Christians have long recognized in Scripture a call to defend and uphold the dignity and well being of all persons, especially the poor and powerless.   Participating in movements seeking justice, positive reform, and empowerment is one of the most Christ-like things we can do. 

Jesus addressed specific political, social, and racial issues. He was helping those who were being abused, violated, and oppressed. Involving ourselves within these issues — serving those who need justice — is an example of following Jesus.

We at St Hilda’s take the words of Oscar Romero to heart.  Nobody can do everything but everybody can do something.  “We cannot do everything, and there is a sense of liberation in realizing that.  This enables us to do something, and to do it very well.  It may be incomplete, but it is a beginning, a step along the way, an opportunity for God’s grace to enter and do the rest.”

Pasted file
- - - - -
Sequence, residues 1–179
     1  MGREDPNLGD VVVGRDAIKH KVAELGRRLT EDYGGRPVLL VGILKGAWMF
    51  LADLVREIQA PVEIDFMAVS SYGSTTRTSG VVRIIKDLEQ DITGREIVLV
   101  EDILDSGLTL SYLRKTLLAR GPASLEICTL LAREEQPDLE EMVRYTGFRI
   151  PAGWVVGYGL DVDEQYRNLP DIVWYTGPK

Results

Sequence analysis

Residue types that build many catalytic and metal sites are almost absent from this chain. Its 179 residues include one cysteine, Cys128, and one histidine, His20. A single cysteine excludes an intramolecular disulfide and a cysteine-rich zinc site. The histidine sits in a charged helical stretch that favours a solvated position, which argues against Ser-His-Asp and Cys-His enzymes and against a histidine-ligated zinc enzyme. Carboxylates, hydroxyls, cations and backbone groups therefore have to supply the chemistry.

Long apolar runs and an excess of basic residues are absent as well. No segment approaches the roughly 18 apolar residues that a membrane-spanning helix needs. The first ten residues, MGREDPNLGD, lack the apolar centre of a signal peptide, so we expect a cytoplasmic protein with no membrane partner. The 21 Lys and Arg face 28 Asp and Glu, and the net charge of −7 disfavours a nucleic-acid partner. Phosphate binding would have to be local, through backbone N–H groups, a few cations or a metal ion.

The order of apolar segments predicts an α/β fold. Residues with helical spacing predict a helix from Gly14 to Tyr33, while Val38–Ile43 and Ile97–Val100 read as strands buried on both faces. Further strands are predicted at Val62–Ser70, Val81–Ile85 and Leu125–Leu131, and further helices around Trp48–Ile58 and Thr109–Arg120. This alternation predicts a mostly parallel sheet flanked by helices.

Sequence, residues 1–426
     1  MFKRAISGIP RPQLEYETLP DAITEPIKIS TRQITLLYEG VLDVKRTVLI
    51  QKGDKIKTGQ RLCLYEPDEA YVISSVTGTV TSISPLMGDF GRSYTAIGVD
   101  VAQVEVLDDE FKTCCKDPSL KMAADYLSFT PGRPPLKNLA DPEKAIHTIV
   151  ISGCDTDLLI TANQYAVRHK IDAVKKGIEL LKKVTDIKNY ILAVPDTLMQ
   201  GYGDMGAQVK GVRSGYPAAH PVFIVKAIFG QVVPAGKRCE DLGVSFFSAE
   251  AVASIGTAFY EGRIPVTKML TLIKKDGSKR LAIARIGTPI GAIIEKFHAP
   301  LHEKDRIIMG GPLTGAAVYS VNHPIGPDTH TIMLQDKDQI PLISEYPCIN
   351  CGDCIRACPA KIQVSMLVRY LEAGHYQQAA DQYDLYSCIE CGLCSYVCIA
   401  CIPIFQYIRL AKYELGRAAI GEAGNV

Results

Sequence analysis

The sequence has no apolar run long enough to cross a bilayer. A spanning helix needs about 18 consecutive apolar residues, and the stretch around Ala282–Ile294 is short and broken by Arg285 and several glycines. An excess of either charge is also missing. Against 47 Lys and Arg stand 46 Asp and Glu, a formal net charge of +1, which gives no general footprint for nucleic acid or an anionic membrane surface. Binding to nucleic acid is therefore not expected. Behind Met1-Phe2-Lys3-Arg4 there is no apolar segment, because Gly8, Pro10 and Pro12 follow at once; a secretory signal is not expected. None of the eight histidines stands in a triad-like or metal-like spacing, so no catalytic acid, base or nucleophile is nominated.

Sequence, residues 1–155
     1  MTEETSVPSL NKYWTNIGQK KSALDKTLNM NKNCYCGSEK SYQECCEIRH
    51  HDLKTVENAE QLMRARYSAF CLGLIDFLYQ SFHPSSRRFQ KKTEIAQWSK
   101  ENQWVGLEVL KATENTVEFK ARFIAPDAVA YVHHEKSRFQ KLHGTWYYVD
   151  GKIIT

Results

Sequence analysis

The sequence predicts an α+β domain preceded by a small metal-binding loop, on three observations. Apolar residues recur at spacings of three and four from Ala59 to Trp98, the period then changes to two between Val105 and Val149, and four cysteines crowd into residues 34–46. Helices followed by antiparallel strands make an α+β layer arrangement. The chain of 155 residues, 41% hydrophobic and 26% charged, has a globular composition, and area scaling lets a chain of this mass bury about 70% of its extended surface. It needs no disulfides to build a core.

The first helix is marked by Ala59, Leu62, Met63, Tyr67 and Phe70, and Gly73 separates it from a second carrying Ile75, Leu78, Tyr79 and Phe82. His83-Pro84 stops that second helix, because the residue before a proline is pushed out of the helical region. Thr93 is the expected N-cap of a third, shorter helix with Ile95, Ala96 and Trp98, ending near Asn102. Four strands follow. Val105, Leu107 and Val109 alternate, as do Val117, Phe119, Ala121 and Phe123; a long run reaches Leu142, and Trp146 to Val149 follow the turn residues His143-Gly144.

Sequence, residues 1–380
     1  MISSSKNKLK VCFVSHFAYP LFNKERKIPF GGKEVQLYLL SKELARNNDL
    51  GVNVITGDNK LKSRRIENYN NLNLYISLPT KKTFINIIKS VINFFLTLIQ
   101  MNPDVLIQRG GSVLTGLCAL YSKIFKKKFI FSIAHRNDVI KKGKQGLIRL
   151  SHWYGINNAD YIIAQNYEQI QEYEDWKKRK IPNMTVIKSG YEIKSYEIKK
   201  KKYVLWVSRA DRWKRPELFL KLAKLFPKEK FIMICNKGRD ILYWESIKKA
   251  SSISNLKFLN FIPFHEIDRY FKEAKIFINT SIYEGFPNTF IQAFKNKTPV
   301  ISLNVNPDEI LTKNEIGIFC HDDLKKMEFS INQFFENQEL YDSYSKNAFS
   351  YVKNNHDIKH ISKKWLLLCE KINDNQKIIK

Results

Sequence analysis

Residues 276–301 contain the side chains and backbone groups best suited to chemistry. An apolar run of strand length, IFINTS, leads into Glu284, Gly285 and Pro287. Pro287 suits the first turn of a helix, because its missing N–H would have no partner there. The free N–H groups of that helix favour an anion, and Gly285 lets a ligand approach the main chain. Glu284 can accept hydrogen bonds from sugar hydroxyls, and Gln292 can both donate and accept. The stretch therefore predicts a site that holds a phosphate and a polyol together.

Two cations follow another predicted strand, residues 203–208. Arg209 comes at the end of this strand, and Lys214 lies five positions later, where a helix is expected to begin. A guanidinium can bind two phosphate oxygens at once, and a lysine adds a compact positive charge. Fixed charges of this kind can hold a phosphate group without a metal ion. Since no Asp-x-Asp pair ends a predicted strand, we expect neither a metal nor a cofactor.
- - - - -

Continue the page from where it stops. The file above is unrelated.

In the Bible, peace and justice are never separated. Peace is never simply the absence of war, it is the active presence of justice. It has to do with human fulfilment, with liberation, with wholeness, with a meaningful life and well-being, not only for the individual, but for the community as a whole. The prophets speak of peace as the offspring of justice.

Social, Indigenous, and Environmental justice and advocacy is also a key part of how we “engage faithfully with the world” 

For more information about:

The Spirituality of Justice & Advocacy

Below are some of the social and environmental justice issues that St. Hilda’s and her members are involved in:  

Elder Care and Disability Rights:  Joan Brock at

Environment and Climate Sustainability:  Bruce Pond at

Homelessness and Affordable Housing:  Meg Stevens at

Indigenous Justice:  John and Nancy Denham at

LGBT Rights:  Jill Halliwell at 

Ndandini Partnership:  Carol Eades at  

Primates World Relief and Development Fund   Go to the PDRDF website for more information

Refugees:  Michael and Jenny Starr at